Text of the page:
Finally, poor Sarah is drugged and kidnapped by her stepmother, and judging by the way she looks when she’s dragged onto the boat with her awful family, I can only assume that they have finally Kook showered her against her Pogue will. Poor Sarah, but slightly cleaner Sarah.
Time without showering: At least 12 days
Evidentiary showers: zero documented; zero assumed
Oh, John B—the boy so nice, they named him twice, then stole all of his shirt buttons, indicted him for murder, and limited his access to running water. Much like Sarah, the closest John B gets to bathing is moments before an attempt on his life, when JJ briefly convinces him to rub white soap on his skin while in jail in order to fake appendicitis to escape into a waiting ambulance … which John B ultimately decides he can’t do at the moment the soap hits his skin. Coincidence? I think not. That moment of hesitation is immediately followed by a crooked cop facilitating a hit on John B in prison, which he luckily fends off so that he can live to see himself cleared of all felony charges! Then our guy promptly marches into a swamp and gets bitten by an alligator, leading to a gaping wound which he absolutely never cleans.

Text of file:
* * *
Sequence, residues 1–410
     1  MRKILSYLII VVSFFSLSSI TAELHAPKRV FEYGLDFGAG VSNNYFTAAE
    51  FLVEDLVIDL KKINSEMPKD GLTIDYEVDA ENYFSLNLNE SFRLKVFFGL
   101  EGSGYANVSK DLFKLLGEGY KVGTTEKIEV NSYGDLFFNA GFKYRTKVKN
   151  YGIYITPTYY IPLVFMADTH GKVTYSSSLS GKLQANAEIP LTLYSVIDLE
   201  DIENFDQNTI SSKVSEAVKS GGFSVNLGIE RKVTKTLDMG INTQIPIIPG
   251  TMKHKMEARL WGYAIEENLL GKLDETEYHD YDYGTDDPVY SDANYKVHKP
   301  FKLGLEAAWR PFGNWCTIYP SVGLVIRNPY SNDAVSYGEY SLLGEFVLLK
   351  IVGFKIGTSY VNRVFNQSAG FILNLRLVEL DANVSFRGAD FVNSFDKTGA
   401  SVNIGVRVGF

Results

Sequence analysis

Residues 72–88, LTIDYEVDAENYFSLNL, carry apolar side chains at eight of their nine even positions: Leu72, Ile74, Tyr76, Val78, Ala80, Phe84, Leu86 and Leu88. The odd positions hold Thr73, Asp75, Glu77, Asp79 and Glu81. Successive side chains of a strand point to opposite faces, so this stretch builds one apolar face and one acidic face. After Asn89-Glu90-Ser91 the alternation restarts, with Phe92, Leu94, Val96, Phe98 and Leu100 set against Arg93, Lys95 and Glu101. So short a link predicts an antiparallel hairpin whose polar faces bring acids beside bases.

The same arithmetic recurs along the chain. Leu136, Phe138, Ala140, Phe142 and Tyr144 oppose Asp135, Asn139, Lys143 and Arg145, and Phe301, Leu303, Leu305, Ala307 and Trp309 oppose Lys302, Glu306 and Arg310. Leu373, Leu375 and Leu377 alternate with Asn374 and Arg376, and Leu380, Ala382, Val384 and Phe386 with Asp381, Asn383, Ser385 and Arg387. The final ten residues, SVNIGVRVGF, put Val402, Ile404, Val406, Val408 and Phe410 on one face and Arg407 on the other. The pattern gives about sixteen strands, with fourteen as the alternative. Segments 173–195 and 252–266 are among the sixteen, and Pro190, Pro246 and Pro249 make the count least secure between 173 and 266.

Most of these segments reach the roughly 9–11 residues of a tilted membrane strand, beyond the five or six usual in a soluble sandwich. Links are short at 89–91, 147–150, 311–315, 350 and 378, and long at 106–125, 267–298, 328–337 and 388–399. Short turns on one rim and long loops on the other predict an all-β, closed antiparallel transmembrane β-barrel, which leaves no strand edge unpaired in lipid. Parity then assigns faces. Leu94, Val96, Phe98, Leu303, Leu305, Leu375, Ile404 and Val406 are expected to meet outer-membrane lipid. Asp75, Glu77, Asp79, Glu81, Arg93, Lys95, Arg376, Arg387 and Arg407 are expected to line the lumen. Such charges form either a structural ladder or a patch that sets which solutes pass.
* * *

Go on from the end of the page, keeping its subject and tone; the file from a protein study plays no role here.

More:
There is not a single time in Season 2 that John B is not filthy, sweating, covered in blood—his own and otherwise—and absolutely living every moment like bacteria doesn’t exist. It couldn’t be me, but I’m happy for the kid (played by a man) that with so much else going on in his life, this is one thing he doesn’t have to worry about. I mean, he should worry about it. He is absolutely going to get gangrene on the deserted island where he resides by the end of the season. But at least he will have gangrene in his own version of paradise: a place with no running water, and five of his filthiest friends.
Time without showering: The limit does not exist
Jodi Walker is a freelance pop culture writer with bylines in Entertainment Weekly, Vulture, and Texas Monthly. She writes about The Bachelor franchise at absurd length in her newsletter, These Are The Best Things.